Like father, like daughter. Kim Kardashian announced her newest documentary about criminal justice reform, which is something she’s become passionate about as she continues her studies in law school. While opening up at the Winter Television Critics Association Press Tour for Oxygen’s Kim Kardashian West: The Justice Project, the 39-year-old revealed her work in the work in the legal and justice system helps her to feel closer to her late father, Robert Kardashian Sr. — and she knows he would approve.

“In a way, yes, because there are times when I could be frustrated and up studying really late and have to get up and wonder how he did it, having four kids and must’ve been going through some of the same things that I have gone through,” Kim told In Touch and other reporters at the event. “So it would have been exciting to talk to him about that, and I know that he would be so, so proud.”

Kim is currently a law apprentice at the Cut 50 firm, and she is planning to take the Bar exam after four years of studying which would be in 2022. She revealed she believes this is one of her callings, and she could see herself continuing to do this type of work for the rest of her life.

“I do, I really do. I don’t see how I could just say no to someone that really needs help, if I know that I could help them,” she added.

During the panel, Kim revealed details about one of the cases that fans will be able to follow on her upcoming documentary. She explained there was a woman who was sentenced to prison for the murder of her stepgrandfather, but it was later revealed that the stepgrandfather had allegedly been raping her from the age of 5 years old up until she was 30.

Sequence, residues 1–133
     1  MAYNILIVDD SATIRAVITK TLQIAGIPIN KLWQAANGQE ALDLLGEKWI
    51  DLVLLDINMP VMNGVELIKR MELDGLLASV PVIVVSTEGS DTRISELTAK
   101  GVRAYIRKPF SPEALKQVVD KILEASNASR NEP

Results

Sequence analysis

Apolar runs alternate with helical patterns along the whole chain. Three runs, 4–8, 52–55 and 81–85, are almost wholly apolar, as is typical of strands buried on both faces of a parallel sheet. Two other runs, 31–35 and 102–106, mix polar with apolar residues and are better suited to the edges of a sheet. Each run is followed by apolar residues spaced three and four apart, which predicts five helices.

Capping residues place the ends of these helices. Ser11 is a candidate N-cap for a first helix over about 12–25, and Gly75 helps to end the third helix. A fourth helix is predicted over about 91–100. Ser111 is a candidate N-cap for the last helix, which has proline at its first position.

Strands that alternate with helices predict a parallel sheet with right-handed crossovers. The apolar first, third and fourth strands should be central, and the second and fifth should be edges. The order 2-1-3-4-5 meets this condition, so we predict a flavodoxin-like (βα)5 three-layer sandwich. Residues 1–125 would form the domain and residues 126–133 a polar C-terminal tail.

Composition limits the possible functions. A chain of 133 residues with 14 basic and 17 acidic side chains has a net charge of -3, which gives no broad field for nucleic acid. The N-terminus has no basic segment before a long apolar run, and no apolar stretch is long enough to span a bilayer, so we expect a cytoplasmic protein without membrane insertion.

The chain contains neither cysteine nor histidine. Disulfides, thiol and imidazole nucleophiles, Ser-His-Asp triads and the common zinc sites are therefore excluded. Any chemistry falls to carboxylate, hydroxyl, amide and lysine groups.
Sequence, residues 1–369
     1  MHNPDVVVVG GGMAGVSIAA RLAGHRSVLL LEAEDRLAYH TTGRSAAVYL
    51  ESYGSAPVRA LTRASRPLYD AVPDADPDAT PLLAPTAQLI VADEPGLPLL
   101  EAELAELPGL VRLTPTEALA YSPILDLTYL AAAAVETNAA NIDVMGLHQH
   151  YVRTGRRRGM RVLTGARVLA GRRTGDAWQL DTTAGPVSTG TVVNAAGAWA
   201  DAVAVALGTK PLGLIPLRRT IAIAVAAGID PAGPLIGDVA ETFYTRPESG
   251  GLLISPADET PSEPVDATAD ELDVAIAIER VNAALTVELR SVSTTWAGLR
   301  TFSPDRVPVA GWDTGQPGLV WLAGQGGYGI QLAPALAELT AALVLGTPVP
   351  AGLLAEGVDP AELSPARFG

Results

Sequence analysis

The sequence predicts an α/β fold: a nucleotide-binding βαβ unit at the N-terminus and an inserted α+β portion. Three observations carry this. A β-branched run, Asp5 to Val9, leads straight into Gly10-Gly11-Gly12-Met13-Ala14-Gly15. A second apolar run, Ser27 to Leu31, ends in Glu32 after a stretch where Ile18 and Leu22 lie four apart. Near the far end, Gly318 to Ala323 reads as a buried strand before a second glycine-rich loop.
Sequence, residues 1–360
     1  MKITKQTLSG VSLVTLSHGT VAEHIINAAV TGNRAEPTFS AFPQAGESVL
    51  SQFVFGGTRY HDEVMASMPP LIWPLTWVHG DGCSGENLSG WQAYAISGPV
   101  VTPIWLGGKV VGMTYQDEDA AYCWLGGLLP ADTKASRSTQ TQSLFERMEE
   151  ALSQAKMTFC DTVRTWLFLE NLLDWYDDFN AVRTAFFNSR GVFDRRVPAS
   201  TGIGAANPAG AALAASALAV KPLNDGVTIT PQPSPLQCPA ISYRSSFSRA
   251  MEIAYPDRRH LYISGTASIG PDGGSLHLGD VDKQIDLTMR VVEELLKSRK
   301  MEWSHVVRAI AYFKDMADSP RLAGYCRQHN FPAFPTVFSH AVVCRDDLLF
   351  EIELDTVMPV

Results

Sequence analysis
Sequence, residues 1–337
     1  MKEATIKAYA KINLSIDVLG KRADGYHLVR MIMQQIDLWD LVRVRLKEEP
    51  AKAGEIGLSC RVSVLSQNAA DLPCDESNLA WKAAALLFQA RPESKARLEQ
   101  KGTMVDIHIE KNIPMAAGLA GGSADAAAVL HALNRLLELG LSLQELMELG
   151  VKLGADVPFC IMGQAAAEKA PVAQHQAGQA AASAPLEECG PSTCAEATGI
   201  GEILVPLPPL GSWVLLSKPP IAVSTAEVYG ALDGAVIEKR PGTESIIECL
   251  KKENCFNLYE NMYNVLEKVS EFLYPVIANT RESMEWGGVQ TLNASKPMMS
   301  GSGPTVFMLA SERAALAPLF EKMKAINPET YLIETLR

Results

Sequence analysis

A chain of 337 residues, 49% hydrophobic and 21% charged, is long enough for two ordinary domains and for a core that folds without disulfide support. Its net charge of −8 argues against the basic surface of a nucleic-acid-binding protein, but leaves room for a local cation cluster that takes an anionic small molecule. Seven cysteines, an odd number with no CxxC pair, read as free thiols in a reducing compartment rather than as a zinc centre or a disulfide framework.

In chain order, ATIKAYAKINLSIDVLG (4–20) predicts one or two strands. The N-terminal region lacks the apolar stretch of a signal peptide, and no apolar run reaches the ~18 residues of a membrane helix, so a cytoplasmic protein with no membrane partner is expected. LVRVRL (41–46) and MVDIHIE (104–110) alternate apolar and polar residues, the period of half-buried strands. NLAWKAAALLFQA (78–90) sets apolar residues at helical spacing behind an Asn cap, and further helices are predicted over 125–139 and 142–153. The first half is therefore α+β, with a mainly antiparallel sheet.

“She wrote me this letter, this 10-page letter, and it was the most detailed letter. I will never forget it,” Kim said. “I took my stack of letters and went to Palm Springs, and I read them in Palm Springs, and I just cried reading her letter. And I instantly knew that I had to help her, and I reached out. I and Jessica reach out to her, and her story is so traumatic and so heartbreaking, but to know that throughout her whole life, no one even tried to protect her, and then she gets sentenced to life in prison instead of some type of therapy and rehabilitation. I’m never one to say that there is no consequence to anything that … There’s a time, but it’s over sentencing, I think, that is the huge issue.”

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